A statutory code of conduct may have to be introduced to ensure generally accepted ethical values are injected back into the system, and to encourage long-term thinking in investment decision making. Bankers should be forced to take something similar to a Hippocratic oath. Alternatively, they could be made personally liable for failings within their institutions, leading to confiscation of their ill-gotten gains when things go wrong. Many bankers have so far lost their jobs, but they have yet to pay any penalty in terms of personal assets. Personal liability would increase the sense of partnership with other stakeholders, as well as discourage excessive risk taking.
Justice demands that bankers whose excesses have helped bring the system to its knees are punished. They may not have done anything overtly illegal, though there is plenty of evidence of deception and false accounting. But there will be no closure on this crisis, or end to the growing sense of public injustice, until those responsible are subjected to the full force of public and criminal inquiry. The careless way in which the crisis is dismissed as an inevitable part of the cycle is entirely unsatisfactory and only encourages the view of one rule for the poor and another for the rich. Some bankers need to be made an example of. An eye for an eye.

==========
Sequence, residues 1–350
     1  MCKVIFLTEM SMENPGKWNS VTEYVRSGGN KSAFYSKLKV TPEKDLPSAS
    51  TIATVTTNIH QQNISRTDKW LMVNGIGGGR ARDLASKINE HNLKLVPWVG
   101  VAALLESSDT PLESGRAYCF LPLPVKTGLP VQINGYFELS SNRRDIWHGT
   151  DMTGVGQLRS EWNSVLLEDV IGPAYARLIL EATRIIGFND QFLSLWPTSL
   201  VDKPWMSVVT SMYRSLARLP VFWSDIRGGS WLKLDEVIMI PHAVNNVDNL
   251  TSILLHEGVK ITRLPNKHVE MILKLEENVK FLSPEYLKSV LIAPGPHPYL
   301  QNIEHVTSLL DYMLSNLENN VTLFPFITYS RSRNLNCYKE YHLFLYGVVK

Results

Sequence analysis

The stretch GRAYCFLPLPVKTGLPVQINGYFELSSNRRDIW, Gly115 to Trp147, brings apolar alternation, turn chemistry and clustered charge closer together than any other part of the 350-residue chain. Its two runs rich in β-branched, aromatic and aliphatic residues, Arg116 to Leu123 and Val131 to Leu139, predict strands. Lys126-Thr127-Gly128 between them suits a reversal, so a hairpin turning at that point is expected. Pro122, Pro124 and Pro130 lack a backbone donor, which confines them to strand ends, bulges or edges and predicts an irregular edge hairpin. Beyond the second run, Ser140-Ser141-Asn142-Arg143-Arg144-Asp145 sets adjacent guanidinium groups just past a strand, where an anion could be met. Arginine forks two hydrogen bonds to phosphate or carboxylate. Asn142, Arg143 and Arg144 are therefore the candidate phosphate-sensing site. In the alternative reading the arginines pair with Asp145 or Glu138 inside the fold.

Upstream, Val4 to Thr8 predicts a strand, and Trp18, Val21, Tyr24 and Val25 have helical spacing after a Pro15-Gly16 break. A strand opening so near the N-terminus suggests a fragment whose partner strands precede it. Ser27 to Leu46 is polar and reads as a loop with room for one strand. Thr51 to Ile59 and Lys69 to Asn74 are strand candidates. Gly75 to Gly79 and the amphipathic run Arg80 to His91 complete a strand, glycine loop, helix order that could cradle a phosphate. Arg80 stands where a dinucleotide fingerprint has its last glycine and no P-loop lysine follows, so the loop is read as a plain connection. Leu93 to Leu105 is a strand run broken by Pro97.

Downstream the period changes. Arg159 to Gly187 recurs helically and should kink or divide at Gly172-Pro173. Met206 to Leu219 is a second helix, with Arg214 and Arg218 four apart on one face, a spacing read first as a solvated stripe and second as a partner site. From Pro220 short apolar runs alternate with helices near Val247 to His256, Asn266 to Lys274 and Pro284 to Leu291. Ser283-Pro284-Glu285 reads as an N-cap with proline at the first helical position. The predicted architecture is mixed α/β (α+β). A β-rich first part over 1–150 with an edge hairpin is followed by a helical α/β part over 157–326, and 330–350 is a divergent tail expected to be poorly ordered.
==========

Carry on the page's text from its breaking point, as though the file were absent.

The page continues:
9. Don't forget climate change
The climate and credit crises have much in common. Both have their origins in the idea that it is perfectly acceptable to pump up the system with huge amounts of toxic material – in the case of the credit crunch, trillions of dollars of sub-prime lending, and with climate change, millions of tons of carbon. The consumerism of the credit bubble has moreover fed the growth in emissions. Both were based on unsustainable assumptions. Success in Copenhagen would send out a powerful message of international co-operation. But to succeed, the developed nations must be humble before the reasonable aspirations of the developing world. Developing nations cannot be frogmarched by the West into a low-carbon future but helped and nurtured into it.
10. Reform international institutions
There needs to be a complete overhaul of the international organisations responsible for enacting all of the above, from the International Monetary Fund to the Financial Stability Forum and the international accountancy bodies. We'll never get global regulation of banking – or not until there is a global currency, central bank and fiscal organisation – if only because as things stand individual nations must use their own taxpayers' money to underwrite their banking systems, and are therefore highly unlikely to cede prudential supervision to a non sovereign regulator. But a treaty-based organisation such as the World Trade Organisation, with powers of enforcement on internationally agreed standards, is a reasonable aspiration.
Jeremy Warner has been Business and City Editor of 'The Independent' since 1995Reuse content